Manchester United manager Sir Alex Ferguson will apply the same rigorous standards to the Fifa Club World Cup as he has done to rest of his career.
The Scot takes his side to Japan next weekend to play in the annual tournament for continental champions across the globe.
It is an event which carries little kudos in Britain but is highly regarded elsewhere, especially South America.
Ferguson, however, has experienced the highs and the lows of Fifa's attempts to crown the world's best club.
United won the tournament's predecessor, the Intercontinental Cup, with victory over a Luiz Felipe Scolari-led Palmeiras in 1999 when it was just a one-off match between the champions of South America and Europe.
But the following year Ferguson and his side had to ride a storm of public criticism after pulling out of the FA Cup to feature in an expanded eight-team competition in Brazil, only to fail to make the final four.
Since then the world governing body have reinvented the tournament and moved it to Japan but despite Liverpool finishing runners-up to Sao Paulo in 2005, it has failed to capture the imagination of the British public.
Despite that, Ferguson is taking it seriously, even though it interrupts United's bid to strengthen their challenge for the Barclays Premier League.
"I'll take my strongest team. I think we look at this tournament as a platform for players to excel, to express themselves," he said.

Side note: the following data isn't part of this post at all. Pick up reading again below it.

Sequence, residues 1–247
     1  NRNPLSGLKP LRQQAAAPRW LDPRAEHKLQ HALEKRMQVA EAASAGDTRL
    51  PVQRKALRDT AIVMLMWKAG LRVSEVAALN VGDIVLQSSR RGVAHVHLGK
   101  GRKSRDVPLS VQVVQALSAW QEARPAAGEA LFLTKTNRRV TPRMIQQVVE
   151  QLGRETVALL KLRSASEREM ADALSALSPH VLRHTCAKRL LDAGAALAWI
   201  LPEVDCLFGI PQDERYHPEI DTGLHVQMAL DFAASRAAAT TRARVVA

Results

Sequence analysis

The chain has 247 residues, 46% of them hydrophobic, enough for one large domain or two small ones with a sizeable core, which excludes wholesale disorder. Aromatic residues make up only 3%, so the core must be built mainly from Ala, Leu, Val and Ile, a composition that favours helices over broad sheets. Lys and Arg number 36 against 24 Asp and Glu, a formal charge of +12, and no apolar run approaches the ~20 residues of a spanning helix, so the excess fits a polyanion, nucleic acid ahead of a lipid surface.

"It is a world championship and any player who goes into it will want to play the right way and make an impression.
"To play in a tournament of this stature is wonderful for them."
One of those players Ferguson is looking to impress is midfielder Paul Scholes, who last week returned to action in the Carling Cup after two months out after knee surgery.
The tournament provides the 34-year-old with a chance to gain some match-fitness and provide United's domestic title challenge with a boost on their return to England.
"It is an opportunity for Paul to make his comeback," added Ferguson.
"He may have played before that but this is an ideal opportunity for him to get games under his belt.
"He is such an important player for us that this is a bonus for us for a player making his comeback."
Ferguson said travelling to the Far East provides the perfect environment for Scholes to ease his way back into competitive action.
"Japanese football over the last decade has been improving remarkably and the facilities for the players to prepare, like the gymnasiums to warm up in before the game, are the best I've ever seen. It is really remarkable," said the United boss.
"There is a lot of enthusiasm in Japan, the crowds are very high and the stadia are fantastic."
Because of Europe's standing in the world United go straight into the semi-finals, to be held on December 18 in Yokohama.
However, they must wait until Sunday before they know the identity of their opponents as there are two preliminary matches involving Adelaide United (Australia), Waitakere United (New Zealand) and Gamba Osaka (Japan).Reuse content